This orientation can help: if a white person shares an image online that perpetuates the stereotypes of black people as rowdy, stupid, hyperviolent or hypersexual, she enters the territory of digital blackface.
And even with that definition, it’s hard to figure out exactly what is or isn’t digital blackface.
This is the challenge that Elizabeth Halford faces.
Halford, a brand designer, wrote an essay apologizing in 2020 about how she made a meme with the catchphrase “No time for it” by Wilkins and sent someone a GIF of singer Beyonce repeating: “I’m not bossy, I am the chef.”
“I got wrapped up in digital blackface,” Halford wrote. Eu ri de pessoas de cor no noticiário facing horrific crimes, disasters and losses. I appropriated the black trauma as pies and I ripped off their faces to place or say what I can’t say, to make you laugh or just because it went viral.
Halford told CNN that she was embarrassed to ignore the context of the Sweet Brown interview. A woman has just experienced a tragedy.
“Acho that we are so graceful how the (black) people tell their stories with so much talent”, she says. “But not at the end of the day, the property of a woman hit a fire while she was in bed.”
But Halford says that this does not mean that she will not use more GIFs of black people. She is not opposed to Beyoncé’s “I am the chef” meme because she thinks it is empowering women. She says that since a meme or GIF “becomes empowering and not humiliating”, she feels free to use it.
Além disso, says Halford, if she refrains from using any black meme, she faces another problem:
“These are the most effective, because the whites are very flat”, she says.
Jackson, in his essay for Vogue, admits that it can be hard to know where to draw the line.
“Now, I am not suggesting that white and non-black people refrain from disclosing the image of a black person for fun or something else…” she writes. “There is no book of rules step by step prescriptive or proscriptive to follow, no one is coming to throw the GIFs.”
But no digital behavior exists in a deracialized vacuum, she says. A white person can espalhar digital blackface without malicious intent.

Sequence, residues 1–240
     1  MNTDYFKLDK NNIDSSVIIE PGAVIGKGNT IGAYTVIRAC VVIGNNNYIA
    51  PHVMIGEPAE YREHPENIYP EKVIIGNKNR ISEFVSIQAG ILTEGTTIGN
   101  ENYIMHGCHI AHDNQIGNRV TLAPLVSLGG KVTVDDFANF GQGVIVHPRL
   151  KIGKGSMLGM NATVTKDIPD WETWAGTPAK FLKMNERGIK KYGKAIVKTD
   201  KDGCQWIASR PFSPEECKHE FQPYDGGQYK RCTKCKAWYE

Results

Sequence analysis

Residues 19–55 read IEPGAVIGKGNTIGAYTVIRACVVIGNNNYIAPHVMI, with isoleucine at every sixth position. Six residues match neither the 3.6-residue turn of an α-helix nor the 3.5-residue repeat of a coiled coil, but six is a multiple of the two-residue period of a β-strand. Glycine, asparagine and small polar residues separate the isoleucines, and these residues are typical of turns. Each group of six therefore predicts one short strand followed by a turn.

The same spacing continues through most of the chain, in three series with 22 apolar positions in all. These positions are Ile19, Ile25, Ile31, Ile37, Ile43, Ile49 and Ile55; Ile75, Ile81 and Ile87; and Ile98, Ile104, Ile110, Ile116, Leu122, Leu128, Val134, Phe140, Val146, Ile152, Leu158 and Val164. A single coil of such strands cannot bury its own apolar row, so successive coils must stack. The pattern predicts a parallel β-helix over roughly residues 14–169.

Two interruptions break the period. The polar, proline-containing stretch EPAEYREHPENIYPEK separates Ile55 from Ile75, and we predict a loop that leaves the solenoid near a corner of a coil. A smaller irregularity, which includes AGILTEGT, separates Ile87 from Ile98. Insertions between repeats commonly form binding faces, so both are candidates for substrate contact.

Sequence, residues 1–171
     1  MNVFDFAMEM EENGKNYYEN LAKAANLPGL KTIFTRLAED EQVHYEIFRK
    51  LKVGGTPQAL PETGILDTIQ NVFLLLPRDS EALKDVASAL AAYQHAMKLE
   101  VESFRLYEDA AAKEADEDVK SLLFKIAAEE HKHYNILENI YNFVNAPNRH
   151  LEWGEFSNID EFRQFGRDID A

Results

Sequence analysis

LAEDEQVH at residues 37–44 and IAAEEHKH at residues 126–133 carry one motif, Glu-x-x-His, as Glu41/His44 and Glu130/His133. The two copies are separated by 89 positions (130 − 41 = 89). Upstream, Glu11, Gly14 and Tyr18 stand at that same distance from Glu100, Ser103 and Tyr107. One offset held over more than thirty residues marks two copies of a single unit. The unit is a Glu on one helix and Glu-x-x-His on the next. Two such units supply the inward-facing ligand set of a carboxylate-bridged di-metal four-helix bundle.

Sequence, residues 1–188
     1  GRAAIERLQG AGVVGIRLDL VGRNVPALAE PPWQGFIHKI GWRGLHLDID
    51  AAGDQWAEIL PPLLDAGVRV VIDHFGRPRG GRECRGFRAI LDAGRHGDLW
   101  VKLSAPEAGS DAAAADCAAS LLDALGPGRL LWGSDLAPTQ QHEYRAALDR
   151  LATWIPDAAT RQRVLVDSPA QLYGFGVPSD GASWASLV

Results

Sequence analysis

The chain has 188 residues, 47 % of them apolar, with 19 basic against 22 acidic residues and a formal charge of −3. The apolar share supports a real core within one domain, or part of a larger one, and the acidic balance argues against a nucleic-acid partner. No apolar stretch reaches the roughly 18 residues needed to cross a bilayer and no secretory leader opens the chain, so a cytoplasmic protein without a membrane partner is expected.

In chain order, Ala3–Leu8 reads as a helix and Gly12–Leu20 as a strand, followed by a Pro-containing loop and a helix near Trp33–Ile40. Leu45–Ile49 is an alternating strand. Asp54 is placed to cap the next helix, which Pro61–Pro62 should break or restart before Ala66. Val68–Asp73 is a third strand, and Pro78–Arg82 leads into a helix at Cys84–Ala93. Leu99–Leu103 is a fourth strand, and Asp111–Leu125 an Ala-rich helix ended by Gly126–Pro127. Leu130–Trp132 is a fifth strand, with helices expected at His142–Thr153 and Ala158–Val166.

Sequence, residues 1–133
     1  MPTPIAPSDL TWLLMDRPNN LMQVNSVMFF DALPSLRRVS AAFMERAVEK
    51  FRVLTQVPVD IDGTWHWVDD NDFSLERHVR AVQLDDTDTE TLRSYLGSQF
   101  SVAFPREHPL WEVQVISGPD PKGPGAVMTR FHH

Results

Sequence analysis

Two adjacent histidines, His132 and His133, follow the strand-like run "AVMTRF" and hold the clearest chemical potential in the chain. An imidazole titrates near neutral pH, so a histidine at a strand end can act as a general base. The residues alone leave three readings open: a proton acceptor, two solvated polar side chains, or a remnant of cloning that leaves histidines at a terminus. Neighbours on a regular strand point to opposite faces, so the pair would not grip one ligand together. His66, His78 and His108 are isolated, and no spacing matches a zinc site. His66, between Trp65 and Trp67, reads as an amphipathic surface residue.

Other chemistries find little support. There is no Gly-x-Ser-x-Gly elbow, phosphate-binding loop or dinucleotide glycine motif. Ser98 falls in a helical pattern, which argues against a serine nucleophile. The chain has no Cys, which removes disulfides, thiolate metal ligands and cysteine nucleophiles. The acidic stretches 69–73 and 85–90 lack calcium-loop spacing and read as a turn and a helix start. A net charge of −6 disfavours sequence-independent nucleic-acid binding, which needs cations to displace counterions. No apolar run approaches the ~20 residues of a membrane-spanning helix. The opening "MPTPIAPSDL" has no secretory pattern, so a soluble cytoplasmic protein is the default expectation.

“The digital blackface does not disbelieve the intention, but an act – or act of inhabiting a black person”, she adds. “Employing digital technology to co-opt a perceived or legal cache black also involves representing blackness in a tradition of menestrel.
“No matter how brief the performance or playful intent, summoning black images to play types means giving a pirouette in more than 150 years of American blackface tradition.”
So, what happened to Sweet Brown?
Another challenge with the definition of digital blackface is that some of the supposed victims of the practice may become irritated at or be labeled as victims of racism.
Consider what happened to the woman now known as Sweet Brown after she went viral. She hired an agent and appeared on “The View” and “Jimmy Kimmel Live”. A self-adjusted version of her original video of her now has less than 22 million views.
Sweet Brown faced the public with accusations that she had been scouted. But she has little to do with her race.
In 2013, she sued Apple and an Oklahoma radio program for using her image without permission and producing music, sold on iTunes, that showed some of her borders.
Sweet Brown is a victim of digital blackface? Or did she benefit from the exposure?
It’s a difficult question. But, while this is a white person who is thinking of using a GIF “sure minha peruca”, consider or advise that Jackson offers her Teen Vogue essay for white people who pretend to be black online.
“If you always look for a black face to unleash your inner sassy monster, you might consider going further and picking this beautiful Taylor Swift GIF instead.”
Source: CNN Espanol